A: Yes, I have. Every manuscript includes some marketing spin and controlling how much spin is the trick. Sometimes the abstract — often written by someone else — comes to a different conclusion than the main manuscript or relies on different data. The easiest way to deal with the issue [of unsupported conclusions] is to use the data.
Q: Are you a member of a professional society for science writers? Does that society have any guidelines for ghostwriting?
A: I have been a member of the American Medical Writers Association from time to time. They do have a series of guidelines and a code of ethics and they do suggest that medical communicators be recognized for their contributions.
Q: How do you claim credit for articles that you have ghostwritten for which you are not acknowledged? What does your CV or resume look like?
A: My CV consists of the various positions I’ve held through the years, and I do have a portfolio of projects that I have worked on. Most of my new business comes from former clients. If you stop hearing from a company that you have a long working relationship with, it may be due to some issue they had with your last project.
Q: Do you trust the medical literature? Or, now that you have a view on how the system really works, does it give you pause when you read the literature?
A: Every manuscript uses some marketing gimmick or spin in order to enhance the weight of the data. I remember when I was a graduate student, we were taught to look at our data with a critical eye. When a figure from a scientific lab has extra bands or markings that are not even mentioned in the text, it throws the whole manuscript in question for me. I can’t stop questioning the literature, especially in the higher tier journals, where there is a lot of “I’ll wash your back if you wash mine,” mentality. Don’t get me wrong, I love science, I just know how the game is played, and it leaves a bad taste in my mouth.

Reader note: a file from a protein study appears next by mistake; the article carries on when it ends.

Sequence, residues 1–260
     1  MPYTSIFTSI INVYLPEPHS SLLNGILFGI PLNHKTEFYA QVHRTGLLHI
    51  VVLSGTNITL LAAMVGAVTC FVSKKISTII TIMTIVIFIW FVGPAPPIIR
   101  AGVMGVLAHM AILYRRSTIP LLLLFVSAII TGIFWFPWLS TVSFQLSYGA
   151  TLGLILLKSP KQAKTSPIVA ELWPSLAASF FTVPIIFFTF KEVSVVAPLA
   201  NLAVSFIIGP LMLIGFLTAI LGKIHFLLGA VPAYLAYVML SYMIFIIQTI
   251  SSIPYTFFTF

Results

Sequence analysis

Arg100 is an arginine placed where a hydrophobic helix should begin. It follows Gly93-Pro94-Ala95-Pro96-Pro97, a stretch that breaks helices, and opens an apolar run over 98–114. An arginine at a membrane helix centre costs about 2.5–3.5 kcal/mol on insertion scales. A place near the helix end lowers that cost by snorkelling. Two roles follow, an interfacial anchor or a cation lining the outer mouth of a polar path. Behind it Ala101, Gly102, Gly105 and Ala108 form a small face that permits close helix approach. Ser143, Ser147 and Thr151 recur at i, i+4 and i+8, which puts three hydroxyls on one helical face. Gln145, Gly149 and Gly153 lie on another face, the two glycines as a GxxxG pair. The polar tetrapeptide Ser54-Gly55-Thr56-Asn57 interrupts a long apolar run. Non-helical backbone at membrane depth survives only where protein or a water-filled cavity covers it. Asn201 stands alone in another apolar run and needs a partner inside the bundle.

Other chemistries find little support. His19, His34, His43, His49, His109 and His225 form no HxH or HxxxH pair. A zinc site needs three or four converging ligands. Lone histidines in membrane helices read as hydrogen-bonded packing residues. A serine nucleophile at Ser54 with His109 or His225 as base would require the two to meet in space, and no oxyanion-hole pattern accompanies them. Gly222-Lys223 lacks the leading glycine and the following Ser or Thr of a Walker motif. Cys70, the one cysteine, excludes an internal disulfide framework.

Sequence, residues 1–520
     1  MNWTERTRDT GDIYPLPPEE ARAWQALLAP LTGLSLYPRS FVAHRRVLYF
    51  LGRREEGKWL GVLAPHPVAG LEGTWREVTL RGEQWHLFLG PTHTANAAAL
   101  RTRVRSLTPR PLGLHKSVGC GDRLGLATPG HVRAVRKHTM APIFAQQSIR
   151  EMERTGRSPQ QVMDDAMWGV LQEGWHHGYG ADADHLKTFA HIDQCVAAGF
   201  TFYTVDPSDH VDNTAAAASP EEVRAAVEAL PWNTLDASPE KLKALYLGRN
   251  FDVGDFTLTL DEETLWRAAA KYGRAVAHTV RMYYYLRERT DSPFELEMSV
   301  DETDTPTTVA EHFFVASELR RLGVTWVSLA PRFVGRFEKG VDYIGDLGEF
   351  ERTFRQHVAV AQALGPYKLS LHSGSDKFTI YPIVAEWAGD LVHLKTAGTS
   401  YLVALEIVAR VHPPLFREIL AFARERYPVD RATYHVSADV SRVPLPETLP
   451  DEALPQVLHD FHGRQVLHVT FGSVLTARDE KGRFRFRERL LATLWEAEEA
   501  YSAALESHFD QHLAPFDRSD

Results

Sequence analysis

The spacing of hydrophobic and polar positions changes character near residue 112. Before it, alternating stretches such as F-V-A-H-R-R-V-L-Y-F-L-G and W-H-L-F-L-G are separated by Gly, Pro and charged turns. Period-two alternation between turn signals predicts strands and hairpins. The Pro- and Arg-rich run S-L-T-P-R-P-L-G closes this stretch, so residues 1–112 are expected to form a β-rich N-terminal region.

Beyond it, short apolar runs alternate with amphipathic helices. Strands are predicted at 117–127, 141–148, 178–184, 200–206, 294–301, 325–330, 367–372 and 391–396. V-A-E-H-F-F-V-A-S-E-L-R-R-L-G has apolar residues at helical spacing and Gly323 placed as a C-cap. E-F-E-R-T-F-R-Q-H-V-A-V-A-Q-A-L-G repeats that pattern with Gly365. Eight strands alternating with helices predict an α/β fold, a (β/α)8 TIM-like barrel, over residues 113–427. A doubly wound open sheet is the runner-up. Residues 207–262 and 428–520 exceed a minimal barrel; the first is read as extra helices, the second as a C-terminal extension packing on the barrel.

Q: Some have proposed that we need to rid the medical literature of ghostwriters; others argue that we merely need to make their identity and contributions known . What is your opinion?
A: Either journals should establish agreed-upon rules for what defines an “author” or do away with authorship altogether. I believe that everyone who worked on the paper should be mentioned in the Contributors section.
Q: Can you see your reflection in a mirror?
A: Well, since I’m nocturnal, there is never enough light for me to see anything in a mirror. I can walk through walls, though.
Q: What do you think of garlic?
A: I love it. Remember, I’m not a vampire.
Q: What are you dressing up for Halloween?
A: A medical researcher. Or the fifth dentist (4 out of 5 dentists agree . . . ).